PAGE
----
It was another volatile week in the markets. Wednesday, the markets rose based on strong earnings from some retailers and a sharp upward revision in June existing home sales. Also, on Wednesday, the FED released its minutes from the July meeting which showed members were mixed on cutting short term rates with two members voting against. The FED along with other central bankers from around the world met this week in Jackson Hole Wyoming.
On Friday, FED chairman Powell warned about trade risks and said the FED is limited in its ability to cushion the fallout from trade. This coincided with China’s announcement of increased tariffs on U.S. goods starting in September. President Trump responded shortly thereafter that he would retaliate in response. In mid afternoon he “ordered” U.S. companies to start looking for alternatives to China for sourcing goods, although it is uncertain how such an order could be enforced. Many companies have already looked at sourcing elsewhere and have found it difficult to do in a short period of time. The markets plunged on Friday having significant losses for the week. After the markets closed, Trump announced an increase in the existing 25% tariffs to 30% and that the new tariffs on consumer goods, scheduled to go into effect September 1 and December 1, would rise from 10% to 15%.
This week the 10-year Treasury note yield fell to 1.625%. The dollar fell against a basket of currencies. Crude oil fell to $53.97 and gold rose to $1536.90 an ounce.
At this point we find ourselves with a good U.S. economy with good jobs creation, low inflation and a consumers with good balance sheets. However, the economy is at risk of deteriorating due to tariffs.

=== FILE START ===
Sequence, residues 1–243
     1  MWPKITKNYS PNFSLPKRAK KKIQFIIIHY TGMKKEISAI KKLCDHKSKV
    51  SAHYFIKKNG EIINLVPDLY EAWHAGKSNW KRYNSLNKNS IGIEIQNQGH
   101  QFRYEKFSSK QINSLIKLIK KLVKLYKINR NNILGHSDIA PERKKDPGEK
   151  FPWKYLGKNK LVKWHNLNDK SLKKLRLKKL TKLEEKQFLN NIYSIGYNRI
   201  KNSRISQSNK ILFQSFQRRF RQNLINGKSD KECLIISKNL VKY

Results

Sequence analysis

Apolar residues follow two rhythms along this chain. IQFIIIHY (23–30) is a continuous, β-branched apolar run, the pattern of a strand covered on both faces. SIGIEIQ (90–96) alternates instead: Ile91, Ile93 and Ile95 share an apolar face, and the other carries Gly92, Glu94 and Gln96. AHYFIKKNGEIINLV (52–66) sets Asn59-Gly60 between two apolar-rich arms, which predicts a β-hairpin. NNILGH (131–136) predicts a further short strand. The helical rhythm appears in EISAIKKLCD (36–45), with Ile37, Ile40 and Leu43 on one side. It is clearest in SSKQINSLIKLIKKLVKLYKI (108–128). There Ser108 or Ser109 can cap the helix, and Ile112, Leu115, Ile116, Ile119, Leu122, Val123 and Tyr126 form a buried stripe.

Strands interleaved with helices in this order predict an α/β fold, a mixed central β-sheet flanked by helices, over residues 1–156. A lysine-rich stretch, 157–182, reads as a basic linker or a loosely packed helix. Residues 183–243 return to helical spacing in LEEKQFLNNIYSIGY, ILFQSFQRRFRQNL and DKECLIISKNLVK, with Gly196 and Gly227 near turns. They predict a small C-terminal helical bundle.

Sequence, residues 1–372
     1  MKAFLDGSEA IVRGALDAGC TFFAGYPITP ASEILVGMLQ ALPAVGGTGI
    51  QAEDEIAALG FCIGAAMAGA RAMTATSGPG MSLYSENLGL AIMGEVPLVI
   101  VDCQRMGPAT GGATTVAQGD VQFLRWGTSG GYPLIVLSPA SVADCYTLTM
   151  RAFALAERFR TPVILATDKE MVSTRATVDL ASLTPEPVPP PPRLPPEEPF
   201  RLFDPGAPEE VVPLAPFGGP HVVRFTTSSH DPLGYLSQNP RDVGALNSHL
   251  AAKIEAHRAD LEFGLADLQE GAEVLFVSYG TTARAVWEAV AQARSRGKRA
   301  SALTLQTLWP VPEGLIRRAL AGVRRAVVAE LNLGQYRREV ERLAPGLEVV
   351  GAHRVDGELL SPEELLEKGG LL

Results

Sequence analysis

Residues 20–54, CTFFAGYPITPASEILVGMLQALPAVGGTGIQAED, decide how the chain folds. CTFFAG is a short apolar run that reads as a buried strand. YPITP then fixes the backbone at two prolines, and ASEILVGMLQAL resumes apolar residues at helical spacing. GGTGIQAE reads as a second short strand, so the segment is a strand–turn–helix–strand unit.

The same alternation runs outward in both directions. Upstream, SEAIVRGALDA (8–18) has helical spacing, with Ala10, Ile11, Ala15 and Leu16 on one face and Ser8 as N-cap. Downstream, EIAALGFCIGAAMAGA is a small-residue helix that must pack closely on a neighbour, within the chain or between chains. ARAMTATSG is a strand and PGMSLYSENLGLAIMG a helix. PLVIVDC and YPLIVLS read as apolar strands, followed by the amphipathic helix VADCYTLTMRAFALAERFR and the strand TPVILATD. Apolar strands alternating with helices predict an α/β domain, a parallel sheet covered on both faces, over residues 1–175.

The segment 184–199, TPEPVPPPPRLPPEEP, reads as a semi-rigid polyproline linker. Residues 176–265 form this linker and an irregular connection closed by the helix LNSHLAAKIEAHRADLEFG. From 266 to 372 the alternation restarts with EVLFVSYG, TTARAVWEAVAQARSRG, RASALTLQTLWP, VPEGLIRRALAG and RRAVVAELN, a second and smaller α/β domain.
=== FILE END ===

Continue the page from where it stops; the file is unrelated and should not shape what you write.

In the numbers this week:
- The National Association of Realtors reported that existing home sales rose 2.5% in the month of July and are up 0.6% from a year ago. The increase was attributed to lower mortgage rates and strong job growth but limited by the supply of existing homes.
- The Commerce Department reported sales of newly built single family homes:
- June sales were revised up sharply from an annual rate of 609,000 to 728,000.
- July sales came in 12.8% below the revised June sales. From a year earlier, July sales were up 4.3%.
- The Labor Department reported:
- Its annual adjustment to the monthly jobs gains. Job gains for the 12 months ending in March was revised down by 501,000 to just over 2,000,000. The average monthly jobs gain was revised down from 210,000 to 168,000. This was still a good pace of job creation but slower than the robust numbers previously reported.
- First time claims for unemployment fell 12,000 to a seasonally adjusted 209,000 last week. The four week moving average of claims, designed to smooth out weekly fluctuations, rose to 214,500.
- The Energy Information Administration weekly report is here: wpsrsummary. Also, the EIA reported in the prior week:
- U.S. Crude oil production was unchanged at 12.3M barrels per day.
- Storage of natural gas rose 59BN cubic feet and is still below the past five year average for this time of year.
- Baker Hughes reported in the past week that the number of active oil rigs fell 16 to 754 and the number of active gas rigs fell 3 to 162.
Please call us if you have any questions.
Loren C. Rex, CFP®, AIF®, MA Erik A Smith
President Managing Partner
Generations Financial Planning & Wealth Management 269-441-4143
77 E. Michigan Ave, Suite 140
Battle Creek, MI 49017
Carrie Fuce, Assistant 269-441-4091
Toll Free: 800-513-8180
Visit our Website: www.genfinplan.com
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These are the opinions of Loren Rex and Erik Smith and are not necessarily those of Cambridge, are for informational purposes only, and should not be construed or acted upon as individualized investment advice. The Indices mentioned are unmanaged and cannot be invested into directly.